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Cover of 'after the quake' A few pages into this slim book of short stories by Japanese writer Murakami, I was uneasy. It was Murakami’s style that was puzzling–it was just too easy to read. Verging on boring. Very simple sentences, very little dialogue, none of the visual detailing that can draw me into a book. This was a realistic telling of a fairly ordinary story. Almost a sketchy treatment for a screenplay. I wasn’t sure I was going to have anything to say about it–all I could see in front of me was a blank.

I read on.

As I went on through the extreme simplicity of Murakami’s writing, I began to see what I couldn’t before. In this book, his is a style that is stripped down completely, made bare, with starkly contoured outlines suddenly visible. Like a line drawing, a very basic line drawing. It was simply a language so restrained, so minimal that it was conserving everything, telling more in what it wasn’t telling, in its silence than in its words. You have to read very slowly, taking in the slightness of each sentence, understanding it and then moving on, to actually grasp at the almost untellable emotional weight they convey; there is much more in suggestion than in description. There are no short-cuts to reading and comprehending these stories.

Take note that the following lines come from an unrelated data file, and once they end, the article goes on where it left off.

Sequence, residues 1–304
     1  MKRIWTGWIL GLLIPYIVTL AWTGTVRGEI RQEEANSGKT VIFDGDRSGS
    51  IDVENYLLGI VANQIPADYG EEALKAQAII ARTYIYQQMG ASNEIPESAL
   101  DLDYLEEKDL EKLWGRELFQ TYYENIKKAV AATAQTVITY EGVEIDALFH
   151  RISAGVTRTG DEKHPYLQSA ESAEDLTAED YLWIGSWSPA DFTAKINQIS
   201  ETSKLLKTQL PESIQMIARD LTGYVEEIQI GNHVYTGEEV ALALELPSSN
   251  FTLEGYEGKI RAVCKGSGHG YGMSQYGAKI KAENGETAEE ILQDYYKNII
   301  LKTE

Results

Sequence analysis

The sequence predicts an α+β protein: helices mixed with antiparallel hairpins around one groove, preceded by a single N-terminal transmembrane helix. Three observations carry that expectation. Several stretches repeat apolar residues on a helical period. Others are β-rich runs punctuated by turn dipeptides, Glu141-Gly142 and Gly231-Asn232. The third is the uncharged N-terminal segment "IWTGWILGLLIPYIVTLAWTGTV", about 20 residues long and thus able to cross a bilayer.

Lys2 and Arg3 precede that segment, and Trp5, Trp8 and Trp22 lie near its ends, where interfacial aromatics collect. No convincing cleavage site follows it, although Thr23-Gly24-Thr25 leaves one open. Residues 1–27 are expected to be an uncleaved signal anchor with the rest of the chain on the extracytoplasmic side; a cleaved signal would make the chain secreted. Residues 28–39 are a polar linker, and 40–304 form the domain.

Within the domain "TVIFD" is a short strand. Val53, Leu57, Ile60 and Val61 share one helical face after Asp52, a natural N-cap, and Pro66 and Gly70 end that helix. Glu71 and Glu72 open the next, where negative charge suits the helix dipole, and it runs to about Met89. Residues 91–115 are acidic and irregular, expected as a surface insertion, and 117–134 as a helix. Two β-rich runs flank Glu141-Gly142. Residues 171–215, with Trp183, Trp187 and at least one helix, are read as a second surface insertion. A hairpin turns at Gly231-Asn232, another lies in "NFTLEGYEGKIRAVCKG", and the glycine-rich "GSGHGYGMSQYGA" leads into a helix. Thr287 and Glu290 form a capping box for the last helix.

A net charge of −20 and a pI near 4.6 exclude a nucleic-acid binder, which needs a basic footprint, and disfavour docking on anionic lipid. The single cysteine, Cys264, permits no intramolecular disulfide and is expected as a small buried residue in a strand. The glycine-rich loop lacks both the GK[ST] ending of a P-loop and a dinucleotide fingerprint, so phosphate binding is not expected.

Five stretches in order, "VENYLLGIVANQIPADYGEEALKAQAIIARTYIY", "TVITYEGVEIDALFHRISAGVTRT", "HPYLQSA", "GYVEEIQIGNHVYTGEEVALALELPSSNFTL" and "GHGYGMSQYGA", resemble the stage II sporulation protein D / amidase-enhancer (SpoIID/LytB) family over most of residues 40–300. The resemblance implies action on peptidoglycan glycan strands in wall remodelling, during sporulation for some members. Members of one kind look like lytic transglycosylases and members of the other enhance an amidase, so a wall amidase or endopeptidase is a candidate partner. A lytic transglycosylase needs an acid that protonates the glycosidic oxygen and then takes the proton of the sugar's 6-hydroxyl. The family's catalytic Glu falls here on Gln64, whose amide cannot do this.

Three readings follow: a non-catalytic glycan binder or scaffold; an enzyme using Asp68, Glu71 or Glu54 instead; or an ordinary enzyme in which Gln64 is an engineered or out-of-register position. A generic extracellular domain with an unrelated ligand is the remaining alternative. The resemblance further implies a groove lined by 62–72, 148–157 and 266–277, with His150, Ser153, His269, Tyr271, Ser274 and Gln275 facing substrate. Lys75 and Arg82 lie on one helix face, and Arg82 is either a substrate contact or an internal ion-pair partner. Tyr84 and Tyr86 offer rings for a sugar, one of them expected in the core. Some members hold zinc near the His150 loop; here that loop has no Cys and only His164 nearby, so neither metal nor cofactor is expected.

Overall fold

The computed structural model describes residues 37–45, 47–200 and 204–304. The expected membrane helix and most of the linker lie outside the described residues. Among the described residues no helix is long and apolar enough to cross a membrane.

And they are a curious set of stories, all hearkening back to the quake of the title (the Kobe earthquake) in some way or another, though without their characters being directly affected by that event. A man whose wife has just left him ferries a mysterious parcel to another city. A middle-aged man and a teenage girl spend time with each other lighting bonfires on the beach. A young man who has been constantly told that he is the Son of God follows a stranger who he thinks might be his father. A woman bitter after a divorce takes a vacation in Thailand and comes to a recognition of her mortality. A collection agent is visited at night by a giant frog who insists that the two of them together have to go into battle to save the city of Tokyo from an earthquake. And the last story traces the topography of a novelist’s long-term friendship with a married couple and their baby, and how they are his family.